The new Community Oversight Board met with Nashville Mayor David Briley on Tuesday afternoon.
The board will serve to investigate and offer suggestions and recommendations to the Metro Nashville Police Department in cases that involve allegations of officer misconduct.
This marked the first meeting of the newly-formed 11-member board. They will investigate allegations of misconduct against Metro Police officers.
Nashville’s new Community Oversight Board has been filled, 11 people were chosen by Metro Council.
It’s still not clear what members will do when they aren’t investigating misconduct.
The city said it’s up to the board members to come up with their rules and procedures, which is part of what Tuesday’s meeting was about.
The group must be operational by the end of March.
Some Republican lawmakers say there needs to be "guardrails" for the board.
The big-ticket restriction would be that no oversight board would have subpoena powers. This would mean the board could not force someone to come testify.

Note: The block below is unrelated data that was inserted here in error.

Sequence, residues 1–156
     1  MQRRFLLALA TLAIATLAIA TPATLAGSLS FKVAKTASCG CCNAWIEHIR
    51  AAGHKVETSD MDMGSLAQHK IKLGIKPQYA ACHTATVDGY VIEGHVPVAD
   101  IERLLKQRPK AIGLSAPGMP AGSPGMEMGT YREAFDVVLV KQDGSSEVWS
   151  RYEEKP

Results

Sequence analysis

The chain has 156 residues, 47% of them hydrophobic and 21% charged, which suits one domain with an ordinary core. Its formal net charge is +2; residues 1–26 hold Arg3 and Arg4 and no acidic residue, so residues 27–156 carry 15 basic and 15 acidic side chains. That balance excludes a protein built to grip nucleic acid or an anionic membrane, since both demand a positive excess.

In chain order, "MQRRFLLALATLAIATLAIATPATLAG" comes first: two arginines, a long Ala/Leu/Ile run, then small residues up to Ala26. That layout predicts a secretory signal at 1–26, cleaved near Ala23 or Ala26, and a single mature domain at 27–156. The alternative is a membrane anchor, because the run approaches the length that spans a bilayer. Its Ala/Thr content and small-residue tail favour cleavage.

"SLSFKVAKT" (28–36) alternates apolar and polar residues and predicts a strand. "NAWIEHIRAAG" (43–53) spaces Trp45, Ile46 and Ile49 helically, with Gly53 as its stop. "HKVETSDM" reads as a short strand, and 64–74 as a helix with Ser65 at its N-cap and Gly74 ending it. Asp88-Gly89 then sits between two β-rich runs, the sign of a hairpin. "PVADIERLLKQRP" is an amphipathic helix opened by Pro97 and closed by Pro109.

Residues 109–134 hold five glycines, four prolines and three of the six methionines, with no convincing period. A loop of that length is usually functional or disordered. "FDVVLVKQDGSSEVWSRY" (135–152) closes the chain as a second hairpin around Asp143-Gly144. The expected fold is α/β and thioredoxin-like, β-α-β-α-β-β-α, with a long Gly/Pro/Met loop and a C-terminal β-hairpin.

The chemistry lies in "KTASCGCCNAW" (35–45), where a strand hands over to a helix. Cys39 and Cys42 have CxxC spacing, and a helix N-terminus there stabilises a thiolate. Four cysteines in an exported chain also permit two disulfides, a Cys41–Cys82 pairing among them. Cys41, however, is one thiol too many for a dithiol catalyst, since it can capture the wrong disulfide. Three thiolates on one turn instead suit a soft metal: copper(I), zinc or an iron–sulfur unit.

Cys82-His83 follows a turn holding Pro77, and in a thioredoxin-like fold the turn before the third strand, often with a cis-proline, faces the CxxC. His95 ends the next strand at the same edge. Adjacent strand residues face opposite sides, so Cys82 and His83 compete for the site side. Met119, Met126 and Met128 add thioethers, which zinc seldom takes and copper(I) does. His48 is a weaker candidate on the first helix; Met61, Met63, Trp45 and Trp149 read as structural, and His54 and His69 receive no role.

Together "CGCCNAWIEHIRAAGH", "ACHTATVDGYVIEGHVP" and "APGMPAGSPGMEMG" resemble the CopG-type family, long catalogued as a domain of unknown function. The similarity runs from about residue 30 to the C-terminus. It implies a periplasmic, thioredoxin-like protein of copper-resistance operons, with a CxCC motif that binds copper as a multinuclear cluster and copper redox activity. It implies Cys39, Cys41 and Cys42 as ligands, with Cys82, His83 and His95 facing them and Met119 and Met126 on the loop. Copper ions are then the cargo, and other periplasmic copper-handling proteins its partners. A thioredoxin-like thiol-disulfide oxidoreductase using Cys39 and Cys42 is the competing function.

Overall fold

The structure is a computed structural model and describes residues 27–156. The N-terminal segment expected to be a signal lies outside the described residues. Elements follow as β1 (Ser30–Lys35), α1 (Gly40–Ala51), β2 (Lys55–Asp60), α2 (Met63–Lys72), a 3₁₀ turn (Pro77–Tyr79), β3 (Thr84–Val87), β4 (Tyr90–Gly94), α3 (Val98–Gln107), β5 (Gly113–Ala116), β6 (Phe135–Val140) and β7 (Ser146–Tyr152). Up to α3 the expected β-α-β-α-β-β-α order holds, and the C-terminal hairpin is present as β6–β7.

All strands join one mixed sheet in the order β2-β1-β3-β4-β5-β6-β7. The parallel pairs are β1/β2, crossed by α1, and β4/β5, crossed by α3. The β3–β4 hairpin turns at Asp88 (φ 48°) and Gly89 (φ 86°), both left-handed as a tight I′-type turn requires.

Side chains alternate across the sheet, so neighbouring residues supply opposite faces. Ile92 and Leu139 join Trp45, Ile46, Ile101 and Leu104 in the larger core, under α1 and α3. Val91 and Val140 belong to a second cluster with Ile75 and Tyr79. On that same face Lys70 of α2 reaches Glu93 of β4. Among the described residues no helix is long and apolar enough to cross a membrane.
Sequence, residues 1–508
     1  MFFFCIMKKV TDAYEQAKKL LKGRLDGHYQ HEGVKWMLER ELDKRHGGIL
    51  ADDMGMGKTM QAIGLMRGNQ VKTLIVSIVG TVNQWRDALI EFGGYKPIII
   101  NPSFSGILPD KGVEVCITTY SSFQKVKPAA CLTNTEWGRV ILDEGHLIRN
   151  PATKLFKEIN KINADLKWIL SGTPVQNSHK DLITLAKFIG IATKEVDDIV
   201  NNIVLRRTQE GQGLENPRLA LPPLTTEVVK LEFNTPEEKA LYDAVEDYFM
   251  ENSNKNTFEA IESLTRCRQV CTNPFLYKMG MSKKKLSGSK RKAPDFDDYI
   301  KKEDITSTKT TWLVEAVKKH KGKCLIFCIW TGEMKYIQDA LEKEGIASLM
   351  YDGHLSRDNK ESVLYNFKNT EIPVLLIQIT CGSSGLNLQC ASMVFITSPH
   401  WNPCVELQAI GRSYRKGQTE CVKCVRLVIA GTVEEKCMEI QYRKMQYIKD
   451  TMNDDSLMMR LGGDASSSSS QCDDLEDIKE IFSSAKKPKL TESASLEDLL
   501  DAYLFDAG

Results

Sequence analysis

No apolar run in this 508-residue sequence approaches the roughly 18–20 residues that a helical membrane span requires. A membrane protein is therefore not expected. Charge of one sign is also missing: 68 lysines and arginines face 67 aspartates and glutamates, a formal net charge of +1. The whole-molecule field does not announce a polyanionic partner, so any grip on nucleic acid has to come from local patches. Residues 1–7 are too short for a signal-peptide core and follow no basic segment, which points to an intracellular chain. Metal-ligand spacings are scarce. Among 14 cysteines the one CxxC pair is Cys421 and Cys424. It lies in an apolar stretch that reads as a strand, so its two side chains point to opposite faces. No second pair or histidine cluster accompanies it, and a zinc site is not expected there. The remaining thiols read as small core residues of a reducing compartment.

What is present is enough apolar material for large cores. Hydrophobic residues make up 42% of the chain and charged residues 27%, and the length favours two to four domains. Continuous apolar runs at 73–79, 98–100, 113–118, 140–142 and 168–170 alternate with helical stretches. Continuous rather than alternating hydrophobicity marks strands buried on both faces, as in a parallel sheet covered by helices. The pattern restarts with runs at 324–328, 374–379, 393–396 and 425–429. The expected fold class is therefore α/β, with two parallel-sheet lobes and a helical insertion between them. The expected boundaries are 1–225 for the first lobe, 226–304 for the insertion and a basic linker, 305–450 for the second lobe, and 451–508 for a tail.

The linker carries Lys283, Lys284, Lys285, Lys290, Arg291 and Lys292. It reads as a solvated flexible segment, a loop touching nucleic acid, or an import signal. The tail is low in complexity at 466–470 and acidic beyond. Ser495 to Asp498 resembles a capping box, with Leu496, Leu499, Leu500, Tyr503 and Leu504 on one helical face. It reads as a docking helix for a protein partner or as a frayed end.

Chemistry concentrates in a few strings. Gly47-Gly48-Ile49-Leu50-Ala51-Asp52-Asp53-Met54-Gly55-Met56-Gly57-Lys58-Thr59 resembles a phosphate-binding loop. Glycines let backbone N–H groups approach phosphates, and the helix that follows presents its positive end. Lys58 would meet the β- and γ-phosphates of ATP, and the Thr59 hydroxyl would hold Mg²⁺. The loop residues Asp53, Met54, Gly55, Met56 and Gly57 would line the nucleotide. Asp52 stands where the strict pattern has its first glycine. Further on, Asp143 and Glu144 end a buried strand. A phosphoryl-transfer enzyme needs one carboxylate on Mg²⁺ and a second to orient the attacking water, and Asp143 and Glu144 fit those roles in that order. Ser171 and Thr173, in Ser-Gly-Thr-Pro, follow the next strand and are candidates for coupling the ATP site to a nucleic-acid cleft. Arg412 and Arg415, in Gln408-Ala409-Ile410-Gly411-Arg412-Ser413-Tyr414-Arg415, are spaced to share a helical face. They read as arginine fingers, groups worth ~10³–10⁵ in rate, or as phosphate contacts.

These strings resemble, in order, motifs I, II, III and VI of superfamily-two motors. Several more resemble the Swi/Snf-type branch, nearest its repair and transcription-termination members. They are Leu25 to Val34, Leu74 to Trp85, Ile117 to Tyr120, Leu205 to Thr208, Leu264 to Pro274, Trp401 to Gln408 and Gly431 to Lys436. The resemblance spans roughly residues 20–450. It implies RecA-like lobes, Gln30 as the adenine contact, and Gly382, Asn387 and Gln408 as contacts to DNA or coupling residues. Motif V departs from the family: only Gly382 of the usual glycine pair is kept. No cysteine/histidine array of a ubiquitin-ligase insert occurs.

News4 spoke with Gov. Bill Lee about his thoughts on the board and whether or not he believes there should be restrictions.
"I think the criminal justice system has a system that has an independent investigation for incidents where police officers are involved in shootings, and I think that is the right approach to it," Lee said.
Lee said he supports limiting the powers of community oversight boards.
Each year, the oversight board will submit a report to the state of all the cases they reviewed and recommendations they made. There are several rules dictating the board's makeup, including the requirement that all members must be registered voters.